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Cartooning with Steve Breen

At the front of PLNU’s Colt Forum, facing an audience of about 20 students, faculty and staff, sat Steve Breen, hunched over a desk with his reading glasses perched at the end of his nose, inking his latest cartoon to meet his 5 p.m. deadline.

This was during the Coffee & Politics event hosted by the Institute of Politics and Public Service with special guest Steve Breen, a two-time Pulitzer Prize winner for his work as a cartoonist at the San Diego Union-Tribune (SDUT). Breen’s work is nationally acclaimed for being edgy, provocative and bold. His politically motivated cartoons have been known to ruffle a few feathers, but he remains true to his art form.

“I try to be at least somewhat careful with what I create because every cartoon wants to make a point and start a debate or a dialogue,” Breen said, “but when you put hyper-provocative imagery in a cartoon, people stop thinking with their brains and let their emotions overpower them.”

That doesn’t mean he holds back all of the time, though. Breen’s visit to PLNU came a day after Donald Trump’s comments about being a self-proclaimed “nationalist.” Breen explained to the audience that he originally wanted to publish a cartoon of Trump saying those words with Hitler high-fiving him; however, after his editor talked him out of it, he changed Hitler to a random white nationalist giving Trump a high-five instead.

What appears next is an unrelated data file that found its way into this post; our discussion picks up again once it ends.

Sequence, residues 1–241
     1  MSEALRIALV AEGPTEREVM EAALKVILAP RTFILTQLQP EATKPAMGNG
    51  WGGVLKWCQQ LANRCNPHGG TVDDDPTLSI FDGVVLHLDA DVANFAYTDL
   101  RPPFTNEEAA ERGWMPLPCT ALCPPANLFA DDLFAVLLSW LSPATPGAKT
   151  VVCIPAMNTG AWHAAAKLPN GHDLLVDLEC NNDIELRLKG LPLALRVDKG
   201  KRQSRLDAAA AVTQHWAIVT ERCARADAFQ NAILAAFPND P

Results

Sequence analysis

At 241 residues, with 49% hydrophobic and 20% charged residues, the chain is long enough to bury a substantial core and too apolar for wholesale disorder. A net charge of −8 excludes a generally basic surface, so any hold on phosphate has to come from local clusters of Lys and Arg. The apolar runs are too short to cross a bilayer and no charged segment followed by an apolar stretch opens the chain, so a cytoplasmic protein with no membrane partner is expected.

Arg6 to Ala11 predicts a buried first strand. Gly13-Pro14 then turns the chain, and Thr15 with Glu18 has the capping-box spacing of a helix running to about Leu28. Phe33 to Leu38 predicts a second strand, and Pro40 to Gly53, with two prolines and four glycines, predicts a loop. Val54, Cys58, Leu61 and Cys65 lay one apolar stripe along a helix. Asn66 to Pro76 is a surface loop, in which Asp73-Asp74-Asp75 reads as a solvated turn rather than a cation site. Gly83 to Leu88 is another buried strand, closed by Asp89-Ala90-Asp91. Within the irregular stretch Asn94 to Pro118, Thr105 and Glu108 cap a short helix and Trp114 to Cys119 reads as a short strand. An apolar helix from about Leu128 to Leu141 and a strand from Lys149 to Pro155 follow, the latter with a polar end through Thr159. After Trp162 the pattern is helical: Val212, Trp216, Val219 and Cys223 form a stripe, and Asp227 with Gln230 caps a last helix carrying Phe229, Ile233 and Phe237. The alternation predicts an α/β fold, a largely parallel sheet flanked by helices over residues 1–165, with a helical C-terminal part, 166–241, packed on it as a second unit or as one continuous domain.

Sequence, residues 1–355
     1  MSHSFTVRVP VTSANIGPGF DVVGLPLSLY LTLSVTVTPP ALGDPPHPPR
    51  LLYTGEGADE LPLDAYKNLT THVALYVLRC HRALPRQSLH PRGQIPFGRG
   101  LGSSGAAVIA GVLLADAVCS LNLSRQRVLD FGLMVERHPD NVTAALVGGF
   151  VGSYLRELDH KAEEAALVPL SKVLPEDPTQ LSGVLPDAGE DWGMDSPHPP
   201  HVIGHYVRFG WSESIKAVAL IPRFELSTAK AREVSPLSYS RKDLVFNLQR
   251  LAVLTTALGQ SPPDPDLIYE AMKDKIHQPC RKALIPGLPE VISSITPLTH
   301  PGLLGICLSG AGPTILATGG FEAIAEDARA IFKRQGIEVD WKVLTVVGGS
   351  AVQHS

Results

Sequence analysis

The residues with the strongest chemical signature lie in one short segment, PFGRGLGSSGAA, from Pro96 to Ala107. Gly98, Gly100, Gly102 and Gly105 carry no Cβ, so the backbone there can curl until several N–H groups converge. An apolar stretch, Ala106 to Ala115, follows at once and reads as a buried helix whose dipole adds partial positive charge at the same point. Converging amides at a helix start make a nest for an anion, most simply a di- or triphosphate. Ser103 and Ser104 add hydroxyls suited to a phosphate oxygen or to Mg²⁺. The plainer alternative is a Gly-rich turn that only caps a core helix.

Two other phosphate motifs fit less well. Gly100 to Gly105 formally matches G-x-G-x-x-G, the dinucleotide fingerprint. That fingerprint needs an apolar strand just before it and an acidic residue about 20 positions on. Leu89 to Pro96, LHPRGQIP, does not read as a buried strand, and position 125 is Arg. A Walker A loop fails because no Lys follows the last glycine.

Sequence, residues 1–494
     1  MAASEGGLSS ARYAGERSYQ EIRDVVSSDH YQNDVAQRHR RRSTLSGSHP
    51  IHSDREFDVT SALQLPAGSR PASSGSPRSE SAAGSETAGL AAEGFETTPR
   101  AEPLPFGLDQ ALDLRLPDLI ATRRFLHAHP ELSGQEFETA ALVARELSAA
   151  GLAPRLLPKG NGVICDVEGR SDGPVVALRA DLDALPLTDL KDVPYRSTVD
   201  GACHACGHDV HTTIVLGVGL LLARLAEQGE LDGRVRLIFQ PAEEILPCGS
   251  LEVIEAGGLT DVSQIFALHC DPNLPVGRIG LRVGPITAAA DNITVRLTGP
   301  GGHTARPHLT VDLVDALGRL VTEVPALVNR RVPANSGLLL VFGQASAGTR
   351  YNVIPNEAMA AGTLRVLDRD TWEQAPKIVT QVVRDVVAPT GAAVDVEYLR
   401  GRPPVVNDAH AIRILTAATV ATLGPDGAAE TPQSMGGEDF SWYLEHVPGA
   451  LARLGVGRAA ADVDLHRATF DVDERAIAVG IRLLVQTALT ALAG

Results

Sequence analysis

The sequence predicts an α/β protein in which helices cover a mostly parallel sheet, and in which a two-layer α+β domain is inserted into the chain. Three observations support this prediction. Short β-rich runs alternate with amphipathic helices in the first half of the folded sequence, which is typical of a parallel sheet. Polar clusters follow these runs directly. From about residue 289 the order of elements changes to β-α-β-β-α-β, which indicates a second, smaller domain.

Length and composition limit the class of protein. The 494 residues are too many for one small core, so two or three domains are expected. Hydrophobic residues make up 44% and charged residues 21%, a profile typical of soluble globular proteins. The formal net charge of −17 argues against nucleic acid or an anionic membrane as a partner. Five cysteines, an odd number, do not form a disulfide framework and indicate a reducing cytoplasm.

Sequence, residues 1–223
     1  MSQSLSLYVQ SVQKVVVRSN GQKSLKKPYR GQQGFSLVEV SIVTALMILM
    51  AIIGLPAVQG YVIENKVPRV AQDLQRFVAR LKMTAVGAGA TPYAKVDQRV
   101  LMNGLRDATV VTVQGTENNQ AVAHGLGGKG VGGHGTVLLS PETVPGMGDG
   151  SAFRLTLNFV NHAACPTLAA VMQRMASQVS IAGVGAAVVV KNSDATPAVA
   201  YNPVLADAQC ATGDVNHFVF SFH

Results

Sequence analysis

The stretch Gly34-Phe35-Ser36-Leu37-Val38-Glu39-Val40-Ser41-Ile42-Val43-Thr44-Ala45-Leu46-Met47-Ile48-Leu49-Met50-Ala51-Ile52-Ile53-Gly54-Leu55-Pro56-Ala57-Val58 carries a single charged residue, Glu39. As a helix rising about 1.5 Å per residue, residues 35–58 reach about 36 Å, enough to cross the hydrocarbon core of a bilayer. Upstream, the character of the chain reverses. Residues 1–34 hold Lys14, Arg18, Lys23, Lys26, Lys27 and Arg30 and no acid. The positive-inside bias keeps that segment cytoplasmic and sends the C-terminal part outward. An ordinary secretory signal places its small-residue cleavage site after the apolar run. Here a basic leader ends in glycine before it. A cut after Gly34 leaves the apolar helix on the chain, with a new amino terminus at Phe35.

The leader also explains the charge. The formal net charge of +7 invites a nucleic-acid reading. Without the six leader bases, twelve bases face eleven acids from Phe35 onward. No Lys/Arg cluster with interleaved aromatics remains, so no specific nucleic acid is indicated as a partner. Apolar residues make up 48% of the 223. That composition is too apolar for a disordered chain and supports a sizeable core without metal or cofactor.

“People are so polarized these days, but I’ve had to learn that it’s politics, it’s not personal,” Breen said of his sometimes controversial work. “On Tuesday, people will say that my cartoon is absolutely genius, but then on Wednesday, I’ll draw a cartoon that’s on the other side of the fence, and those same people will be like ‘you blithering moron, how could you do this’…it’s interesting; 10 or 20 years ago, I would’ve never gotten some of the reactions I get now.”

Breen is right about one thing: his cartoons continue to get people, from both sides of the aisle, talking, a fact that he is grateful for. In fact, he revealed that, until recently, he was not allowed to draw any cartoons about the GOP, only cartoons about the Democratic party and Barack Obama, orders that came straight from the former SDUT owner.

“I liked what he said about how the best cartoons contain no words and that the purpose of it is to be provocative and start a debate,” said senior Sarah Keung. “It’s also interesting to hear about his cartoons from both sides of the spectrum, it shows how complex today’s political climate really is.”


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